- [Show abstract] [Hide abstract]
ABSTRACT: Despite the wide use of the Excited Component of the Positive and Negative Syndrome Scale (PANSS-EC) in a clinical setting to assess agitated patients, a validation study to evaluate its psychometric properties was missing. Data from the observational NATURA study were used. This research describes trends in the use of treatments in patients with acute psychotic episodes and agitation seen in emergency departments. Exploratory principal component factor analysis was performed. Spearman's correlation and regression analyses (linear regression model) as well as equipercentile linking of Clinical Global Impression of Severity (CGI-S), Agitation and Calmness Evaluation Scale (ACES) and PANSS-EC items were conducted to examine the scale's diagnostic validity. Furthermore, reliability (Cronbach's alpha) and responsiveness were evaluated. Factor analysis resulted in one factor being retained according to eigenvalue ≥1. At admission, the PANSS-EC and CGI-S were found to be linearly related, with an average increase of 3.4 points (p < 0.001) on the PANSS-EC for each additional CGI-S point. The PANSS-EC and ACES were found to be linearly and inversely related, with an average decrease of 5.5 points (p < 0.001) on the PANSS-EC for each additional point. The equipercentile method shows the poor sensitivity of the ACES scale. Cronbach's alpha was 0.86 and effect size was 1.44. The factorial analyses confirm the unifactorial structure of the PANSS-EC subscale. The PANSS-EC showed a strong linear correlation with rating scales such as CGI-S and ACES. PANSS-EC has also shown an excellent capacity to detect real changes in agitated patients.Health and Quality of Life Outcomes 03/2011; 9:18. · 2.27 Impact Factor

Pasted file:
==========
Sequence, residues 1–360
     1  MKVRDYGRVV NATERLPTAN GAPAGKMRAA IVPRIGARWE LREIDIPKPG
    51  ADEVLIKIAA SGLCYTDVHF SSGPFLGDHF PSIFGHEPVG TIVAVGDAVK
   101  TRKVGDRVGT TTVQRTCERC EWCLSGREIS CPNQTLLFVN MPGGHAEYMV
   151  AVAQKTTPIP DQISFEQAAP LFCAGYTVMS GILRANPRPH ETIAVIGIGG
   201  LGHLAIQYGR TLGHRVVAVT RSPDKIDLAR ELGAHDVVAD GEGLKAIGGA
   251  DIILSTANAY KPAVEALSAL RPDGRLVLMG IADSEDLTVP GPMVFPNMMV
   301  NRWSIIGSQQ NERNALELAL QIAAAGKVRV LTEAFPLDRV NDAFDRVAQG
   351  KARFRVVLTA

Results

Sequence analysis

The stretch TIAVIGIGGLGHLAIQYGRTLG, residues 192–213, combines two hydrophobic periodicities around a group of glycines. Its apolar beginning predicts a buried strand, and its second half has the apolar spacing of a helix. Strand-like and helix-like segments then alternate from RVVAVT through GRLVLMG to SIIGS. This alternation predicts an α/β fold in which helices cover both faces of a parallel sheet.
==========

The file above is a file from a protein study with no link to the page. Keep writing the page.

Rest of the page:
- [Show abstract] [Hide abstract]
ABSTRACT: Associations between symptom dimensions and cognition have been mainly studied in non-affective psychosis. The present study investigated whether previously reported associations between cognition and four symptom dimensions (reality distortion, negative symptoms, disorganisation and depression) in non-affective psychosis generalise to a wider spectrum of psychoses. It also extended the research focus to mania, a less studied symptom dimension. Linear and non-linear (quadratic, curvilinear or inverted-U-shaped) associations between cognition and the above five symptom dimensions were examined in a population-based cohort of 166 patients with first-onset psychosis using regression analyses. Negative symptoms showed statistically significant linear associations with IQ and processing speed, and a significant curvilinear association with verbal memory/learning. Significant quadratic associations emerged between mania and processing speed and mania and executive function. The contributions of mania and negative symptoms to processing speed were independent of each other. The findings did not differ between affective and non-affective psychoses, and survived correction for multiple testing. Mania and negative symptoms are associated with distinct patterns of cerebral dysfunction in first-onset psychosis. A novel finding is that mania relates to cognitive performance by a complex response function (inverted-U-shaped relationship). The associations of negative symptoms with cognition include both linear and quadratic elements, suggesting that this dimension is not a unitary concept. These findings cut across affective and non-affective psychoses, suggesting that different diagnostic entities within the psychosis spectrum lie on a neurobiological continuum.Schizophrenia Research 07/2012; 140(1-3):221-31. · 4.59 Impact Factor